“Let’s face it, a nice creamy chocolate cake does a lot for a lot of people; it does for me.” —Audrey Hepburn

Audrey Hepburn is one of the most admired actresses of all time. Since Hollywood’s Golden Age, Audrey has captivated audiences with her charm, poise, and talent. Born in Brussels, Belgium, Audrey studied ballet and musical theatre production in her youth and traveled and lived in various European countries. Performance, music, and ballet were ways in which Audrey could express herself and find comfort in tumultuous times, particularly during the war.

Audrey credits her breakthrough moment as an actor to the French writer Sidonie- Gabrielle Colette, who cast Audrey in her stage play Gigi after seeing her on a beach in the South of France. Shortly after her debut in Gigi, she was cast as the lead in Roman Holiday (1954). Audrey went on to star in many beloved classic films such as Sabrina (1954), The Nun’s Story (1959), Breakfast at Tiffany’s (1961), My Fair Lady (1964), and Wait Until Dark (1967), for which she received Academy Award, Golden Globe, and BAFTA nominations. In recognition of her incredible film career, Audrey was awarded the Lifetime Achievement Award from BAFTA, the Golden Globe Cecil B. DeMille Award, the Screen Actors Guild Life Achievement Award, and the Special Tony Award. She remains one of the 12 people who have won Academy, Emmy, Grammy, and Tony Awards. For her humanitarian efforts, she was posthumously awarded the Jean Hersholt Humanitarian Award, which was accepted by her son Sean Hepburn Ferrer.

As the years passed, Audrey appeared in fewer films and devoted much of her later life to UNICEF. She had contributed to the organization since 1954, then worked in some of the poorest communities in Africa, South America and Asia between 1988 and 1992. She was awarded the Presidential Medal of Freedom in recognition of her work as a UNICEF Goodwill Ambassador in December 1992. A month later, Audrey died of appendiceal cancer at her home in Switzerland at the age of 63.

When asked about the inspiration behind her work with UNICEF, an organization to which she dedicated many years of her life, Audrey recalled her experience during the war and the hardships she watched her family and friends endure. The food was scarce, and at times the only things available to eat were tulip bulbs, dog biscuits and green bread made from a sort of pea flour. When liberation finally came, an organization that would later become UNICEF arrived with clothing, medicine, and food for Audrey’s family and the surrounding community. This experience helped to motivate her charitable work in later years.

In the 1950s, Audrey narrated two radio programs for UNICEF, re- telling children’s stories of war. In 1989, Hepburn was appointed a Goodwill Ambassador for UNICEF. On her appointment, she stated that she was grateful for receiving international aid after enduring the German occupation as a child, and wanted to show her gratitude to the organization.

Though Audrey was known for her slender figure, she very much enjoyed eating and cooking. In his book Audrey Hepburn, An Elegant Spirit Audrey’s son Sean writes that she stayed thin by keeping active and eating single servings during meals, never helping herself to seconds. Over the years she began eating meat in limited portions. She also believed that your meal should always include a colorful combination of food, saying: “It isn’t very interesting to eat a plate full of white, therefore it can’t be very good for you either.” This style of eating typically included something from each food group and became her approach to a healthy diet. Audrey also avoided snacking and rarely indulged in sweets, apart from a single piece of chocolate after her afternoon nap. Chocolate, she claimed, chased away the blues. Sean says that his mother ate pasta once a day and that she had an affinity for Italian food, likely due to her time living in Rome.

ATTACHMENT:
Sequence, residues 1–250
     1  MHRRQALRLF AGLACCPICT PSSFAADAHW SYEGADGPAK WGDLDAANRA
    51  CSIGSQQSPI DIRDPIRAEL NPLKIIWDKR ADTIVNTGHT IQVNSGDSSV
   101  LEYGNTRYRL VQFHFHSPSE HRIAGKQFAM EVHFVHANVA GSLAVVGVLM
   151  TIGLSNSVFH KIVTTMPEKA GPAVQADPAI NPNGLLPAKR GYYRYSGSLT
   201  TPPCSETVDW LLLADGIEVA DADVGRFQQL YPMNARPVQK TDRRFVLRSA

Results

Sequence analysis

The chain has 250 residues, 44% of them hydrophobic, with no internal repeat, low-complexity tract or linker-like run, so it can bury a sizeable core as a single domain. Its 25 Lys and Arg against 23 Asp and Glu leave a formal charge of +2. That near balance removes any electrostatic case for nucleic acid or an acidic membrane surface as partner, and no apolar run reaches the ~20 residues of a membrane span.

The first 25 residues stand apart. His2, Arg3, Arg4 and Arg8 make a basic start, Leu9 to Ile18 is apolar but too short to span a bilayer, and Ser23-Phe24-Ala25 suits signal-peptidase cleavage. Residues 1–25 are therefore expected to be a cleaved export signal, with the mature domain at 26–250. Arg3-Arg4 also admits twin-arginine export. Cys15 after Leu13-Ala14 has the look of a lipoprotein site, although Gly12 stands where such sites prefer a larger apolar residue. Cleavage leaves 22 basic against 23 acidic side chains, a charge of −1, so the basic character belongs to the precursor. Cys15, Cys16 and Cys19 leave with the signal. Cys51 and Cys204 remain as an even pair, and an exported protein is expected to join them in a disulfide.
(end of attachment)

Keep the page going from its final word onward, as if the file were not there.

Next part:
In honor of Audrey, here’s a recipe of her favorite Italian dish– spaghetti al pomodoro– which she ate at least once a week. Audrey believes the best Italian dishes are made from quality ingredients, so be sure to use fresh, quality ingredients (Think: What Would Audrey Do?). Much like Audrey herself, this dish is a classic stunner. For dessert, try vanilla ice cream topped with maple syrup, another one of Audrey’s favorites.



1 small onion, diced

2 cloves garlic, minced 2 carrots, diced small

2 stalks celery, diced small

2 large cans (28 oz. each) peeled Italian Roma tomatoes 1 large bunch fresh basil, washed

2 tbsp extra virgin olive oil 1 lb. spaghetti pasta

Salt to taste

Freshly grated Parmigiano-Reggiano cheese


In a large pot combine onion, garlic, carrots, celery, and tomatoes. Drizzle in the extra virgin olive oil. Take half of your basil and remove whole leaves from the stems (you should end up with about 1⁄2 cup of leaves). Add the basil leaves to the pot. Bring sauce to a simmer for 45 minutes, stirring occasionally and breaking apart the larger tomatoes as they cook.

While the sauce is simmering, fill another large pot with 4 quarts of water and slowly heat it up. Take the remaining basil and cut the leaves into small pieces using a pair of scissors—this will help prevent bruising and blackening of the leaves. Reserve.

After 45 minutes, or when the diced vegetables are tender, turn off the heat. Let the sauce rest for 15 minutes.

Meanwhile, bring the pot of water to a rolling boil. Add salt, if desired. Cook your spaghetti pasta until al dente (retaining a little bit of snap to the core). Drain and rinse the pasta with lukewarm water to prevent sticking.

Taste the sauce, add salt to taste if desired. Serve pasta topped generously with sauce, grated Parmigiano-Reggiano cheese, and the remaining freshly cut basil leaves. Tips/Techniques

You will also need: Two 6-8 quart pots.

Rachael Doukas